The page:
- Retail trading volumes have surged as app-based and commission-free brokerages “democratize” investing for all.
- Goldman Sachs gathered four of its top markets experts to discuss the rise of retail traders and their implications for the market in a podcast on Thursday.
- “For the largest online brokers, the number of daily trades has tripled since 2019”, John Marshall, head of derivatives research at Goldman Sachs, said in a podcast this week.
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Retail investors tapping into the market via app-based trading platforms like Robinhood have dominated headlines in recent weeks. The craze has culminated in an epic short-squeeze on a handful of “meme” stocks, including GameStop and AMC Entertainment.
As Reddit-fueled stocks come back down to earth, observers have wondered what the growing pool of retail investors means for stocks, and if the “democratization” of investing is leading to some unsound practices.
In a podcast this week, some of Goldman Sachs’ top bankers gave their thoughts on the outsize role retail traders have played in recent market activity and the implications for the future of the stock market.
John Marshall, head of derivatives research for Goldman Sachs Research, on the rise of retail traders:
“For the largest online brokers, the number of daily trades has tripled since 2019. But this has mainly been driven by a small portion of their customer base. These day traders are less than 10% of their customers, but they represent more than half of their trades. And the vast majority of retail brokerage customers still only trade a few times a year.
Retail investors now account for about 20%-25% of the value traded in the market on an average day, up from about 15%-20% a year ago. Now, in this broader perspective, we can see that retail investors are participating in this market rally, and that that level of participation is indeed accelerating.”
Marshall, on recent market performance:
“Over the past year, the equity market has been unusually volatile, and the nature of the pandemic has driven some companies to rapidly expand and others to go bankrupt. The high volatility of the market means that investors that buy and sell at the right time have the potential for unusually large profits and of course unusually large losses.
Now, many investors try to avoid volatility through long-term investing in diversified vehicles like mutual funds and ETFs. But when investors see testimonials of others that have outsized returns, they’re attracted to more speculative trading strategies.”
Greg Tuorto, portfolio manager, Goldman Sachs Asset Management, on the difference between retail and institutional investors:
“I think that the market has, especially in some of these smaller names, shown its inefficiency. And I think that that’s something that we try to take advantage of in fundamental equities, especially on the small-cap side. But I think that for a lot of these retail investors, these smaller investors, I think they’re looking at it more along the lines of, you know, kind of a price equivalency, you know, which is a little bit different than what we do.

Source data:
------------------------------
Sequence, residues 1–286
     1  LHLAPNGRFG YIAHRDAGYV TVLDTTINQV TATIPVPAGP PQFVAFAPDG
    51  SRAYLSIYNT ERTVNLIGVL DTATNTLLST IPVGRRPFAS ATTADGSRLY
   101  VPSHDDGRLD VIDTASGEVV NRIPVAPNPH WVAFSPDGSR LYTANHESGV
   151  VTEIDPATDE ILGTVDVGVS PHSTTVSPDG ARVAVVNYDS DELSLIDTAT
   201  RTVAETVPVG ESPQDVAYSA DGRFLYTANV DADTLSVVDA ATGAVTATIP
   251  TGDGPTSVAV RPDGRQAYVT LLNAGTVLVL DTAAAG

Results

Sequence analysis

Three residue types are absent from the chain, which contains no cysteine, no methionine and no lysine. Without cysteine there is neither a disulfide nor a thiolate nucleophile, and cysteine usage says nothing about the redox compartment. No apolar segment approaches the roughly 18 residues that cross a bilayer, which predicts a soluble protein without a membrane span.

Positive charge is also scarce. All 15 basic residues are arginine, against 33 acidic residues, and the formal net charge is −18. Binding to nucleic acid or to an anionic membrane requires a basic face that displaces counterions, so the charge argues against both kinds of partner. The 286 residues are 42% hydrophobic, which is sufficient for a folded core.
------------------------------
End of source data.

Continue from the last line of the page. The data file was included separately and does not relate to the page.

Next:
I think, you know, ours is more focused on kind of the revenue earnings and free cash flow of a company and what we can model out. And I think that, you know, sometimes when we see something that’s sort of left for dead, as some of these names have been, you know, we leave it there. We don’t pay a lot of attention to it. And I think that for them that was an opportunity. And I think that that opportunity created sort of that heat and noise, the sturm und drang, if you will, that really attracted more and more of them.”
Raj Mahajan, global head of systematic trading, Global Markets Division, on the impact of hedge funds following long-short strategies:
“I’d say last week was historic in that the volume of activity that we saw around short covering was significant. I think the bigger question now relates to the earlier questions about retail. Is if you’re a hedge fund and you’re engaged in the practice of shorting and that’s part of your business model, you’re running a long book and a short book and you’re relatively balanced, you’ve had a certain view of how much risk any single-name short position could be.
But what we learned last week is that the risk models didn’t contemplate a 10x move in the short against you or a 20x move in the short against you. So I think what, for hedge funds, what this is triggering is, you know, how do I have to evolve my risk models to ensure that the shorts that I’m putting on are in fact I have figured out how bad it can run against me? And that’s one of the things that sort of jumps off the page when you start to look at this.”
Elizabeth Reed of the Equity Capital Markets syndicate desk in the firm’s Investment Banking DivisionOn retail investors in the stock market:
“To put some context around that, January of 2021 was the largest January in history for equity-related capital market offerings. January’s global volumes were 129 billion. That’s up 150% plus year over year. And within Americas, the region printed $63 billion of issuance.
So while last week’s headlines firmly resulted in increased market volatility really measured by the VICs, new issue offerings continue to be met with strong investor demand. This is reflected in the absolute volumes issued, pricing dynamics, and the average after-market performance. The retail investor has been an increasingly important part of the market, specifically in 2020. And we expect them to be very active in 2021.”
Tune into the full podcast here.